The steep increase in data archiving that we have highlighted in our analysis represents a commendable effort towards improving reproducibility. Yet, this should not stop us from striving for further improvements, especially in terms of code sharing. One way to achieve this is to provide more information and training on data- and code-sharing practices. There are convenient options for making data and code repositories permanent, accessible and unambiguously identifiable (through DOI), and several of these options are free.
Advocating the open sharing of scientific data and code via repositories is a pragmatic choice. It facilitates research efficiency by encouraging collaboration among researchers. The commitment to transparency is a practical step towards more reproducibility in the future. However, there are also issues of governance, protection of local community knowledge and restrictions on third-party data sharing, as well as equity in data use that should be considered and respected by authors and editors.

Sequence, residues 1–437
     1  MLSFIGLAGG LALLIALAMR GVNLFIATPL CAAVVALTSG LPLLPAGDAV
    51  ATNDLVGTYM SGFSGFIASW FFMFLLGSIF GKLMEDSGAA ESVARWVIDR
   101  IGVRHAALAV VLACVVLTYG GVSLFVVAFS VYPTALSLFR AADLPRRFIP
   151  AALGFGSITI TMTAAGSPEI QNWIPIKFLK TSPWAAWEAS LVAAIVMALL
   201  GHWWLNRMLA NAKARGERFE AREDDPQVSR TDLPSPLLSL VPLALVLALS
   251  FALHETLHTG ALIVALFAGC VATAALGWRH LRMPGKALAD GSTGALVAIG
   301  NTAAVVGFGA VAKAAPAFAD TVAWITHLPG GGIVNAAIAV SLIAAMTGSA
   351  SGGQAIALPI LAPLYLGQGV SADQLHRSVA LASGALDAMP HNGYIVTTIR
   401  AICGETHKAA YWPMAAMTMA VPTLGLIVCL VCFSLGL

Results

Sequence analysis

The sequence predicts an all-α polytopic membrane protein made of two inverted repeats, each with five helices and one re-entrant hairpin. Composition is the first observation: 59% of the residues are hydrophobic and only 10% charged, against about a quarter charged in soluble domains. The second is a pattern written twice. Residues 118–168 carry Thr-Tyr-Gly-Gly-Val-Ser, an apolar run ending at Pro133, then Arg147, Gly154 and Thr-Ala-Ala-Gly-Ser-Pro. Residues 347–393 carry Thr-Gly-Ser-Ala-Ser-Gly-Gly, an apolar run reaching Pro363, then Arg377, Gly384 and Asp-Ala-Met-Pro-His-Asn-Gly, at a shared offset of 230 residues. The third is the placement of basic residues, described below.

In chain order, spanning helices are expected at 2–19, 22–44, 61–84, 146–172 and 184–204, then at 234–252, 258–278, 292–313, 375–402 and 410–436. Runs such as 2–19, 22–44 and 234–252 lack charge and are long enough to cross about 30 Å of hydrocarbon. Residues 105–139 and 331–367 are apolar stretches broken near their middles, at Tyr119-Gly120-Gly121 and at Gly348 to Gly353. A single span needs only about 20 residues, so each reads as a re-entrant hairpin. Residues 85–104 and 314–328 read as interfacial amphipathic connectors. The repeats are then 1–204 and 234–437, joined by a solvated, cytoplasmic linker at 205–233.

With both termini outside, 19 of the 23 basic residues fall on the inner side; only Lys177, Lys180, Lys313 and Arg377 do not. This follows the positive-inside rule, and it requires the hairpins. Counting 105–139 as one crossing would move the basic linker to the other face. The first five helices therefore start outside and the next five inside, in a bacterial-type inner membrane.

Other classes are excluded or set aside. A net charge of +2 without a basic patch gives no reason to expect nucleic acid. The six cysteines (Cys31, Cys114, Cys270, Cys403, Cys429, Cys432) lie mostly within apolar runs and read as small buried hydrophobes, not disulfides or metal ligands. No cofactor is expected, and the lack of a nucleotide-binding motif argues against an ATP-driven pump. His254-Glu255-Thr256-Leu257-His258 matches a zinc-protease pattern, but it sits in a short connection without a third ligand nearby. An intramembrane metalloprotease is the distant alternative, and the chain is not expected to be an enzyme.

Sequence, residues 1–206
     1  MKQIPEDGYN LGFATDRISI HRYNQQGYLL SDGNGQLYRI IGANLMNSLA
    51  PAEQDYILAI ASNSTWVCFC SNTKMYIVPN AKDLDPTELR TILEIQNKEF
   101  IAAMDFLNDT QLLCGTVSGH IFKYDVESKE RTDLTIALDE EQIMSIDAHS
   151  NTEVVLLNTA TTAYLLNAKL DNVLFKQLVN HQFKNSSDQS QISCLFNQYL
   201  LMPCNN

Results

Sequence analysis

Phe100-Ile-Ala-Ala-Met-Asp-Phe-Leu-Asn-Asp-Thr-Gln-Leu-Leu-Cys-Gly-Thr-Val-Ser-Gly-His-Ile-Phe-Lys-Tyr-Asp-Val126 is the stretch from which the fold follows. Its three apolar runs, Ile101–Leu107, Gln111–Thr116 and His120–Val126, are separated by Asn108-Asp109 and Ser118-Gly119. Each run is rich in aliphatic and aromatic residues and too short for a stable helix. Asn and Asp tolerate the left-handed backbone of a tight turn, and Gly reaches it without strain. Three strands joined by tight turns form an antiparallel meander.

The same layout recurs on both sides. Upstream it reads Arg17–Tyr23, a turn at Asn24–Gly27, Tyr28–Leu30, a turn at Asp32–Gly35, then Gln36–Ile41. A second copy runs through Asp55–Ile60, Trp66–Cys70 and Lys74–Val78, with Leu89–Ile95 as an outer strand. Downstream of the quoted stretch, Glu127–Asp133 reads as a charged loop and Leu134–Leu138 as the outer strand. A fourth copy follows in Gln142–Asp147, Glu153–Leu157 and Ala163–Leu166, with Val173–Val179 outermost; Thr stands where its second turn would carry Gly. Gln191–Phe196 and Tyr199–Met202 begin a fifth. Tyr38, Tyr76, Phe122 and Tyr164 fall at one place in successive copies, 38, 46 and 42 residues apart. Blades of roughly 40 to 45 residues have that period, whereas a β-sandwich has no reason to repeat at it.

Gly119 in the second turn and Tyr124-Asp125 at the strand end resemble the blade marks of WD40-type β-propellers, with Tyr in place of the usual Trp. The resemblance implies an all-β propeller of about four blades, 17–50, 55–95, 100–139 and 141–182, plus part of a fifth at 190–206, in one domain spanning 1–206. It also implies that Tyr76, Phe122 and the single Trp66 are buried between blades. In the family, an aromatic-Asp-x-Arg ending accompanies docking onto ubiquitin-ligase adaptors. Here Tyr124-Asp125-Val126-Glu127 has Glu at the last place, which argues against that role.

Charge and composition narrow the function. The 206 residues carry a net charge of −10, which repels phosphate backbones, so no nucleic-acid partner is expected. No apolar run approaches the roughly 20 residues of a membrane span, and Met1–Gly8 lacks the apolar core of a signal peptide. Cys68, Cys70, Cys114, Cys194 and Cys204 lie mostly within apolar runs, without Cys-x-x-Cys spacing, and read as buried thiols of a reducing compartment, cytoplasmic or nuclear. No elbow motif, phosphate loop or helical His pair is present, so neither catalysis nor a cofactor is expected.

Brief personal summary: Marta Gaia Sperandii, Manuele Bazzichetto, Glenda Mendieta-Leiva, Sebastian Schmidtlein, and Renato Augusto Ferreira de Lima are members of the Steering Committee of the Ecoinformatics Group of the International Association for Vegetation Science. Valério D. Pillar, Jodi N. Price, Viktoria Wagner and Milan Chytrý are Chief Editors of the Journal of Vegetation Science.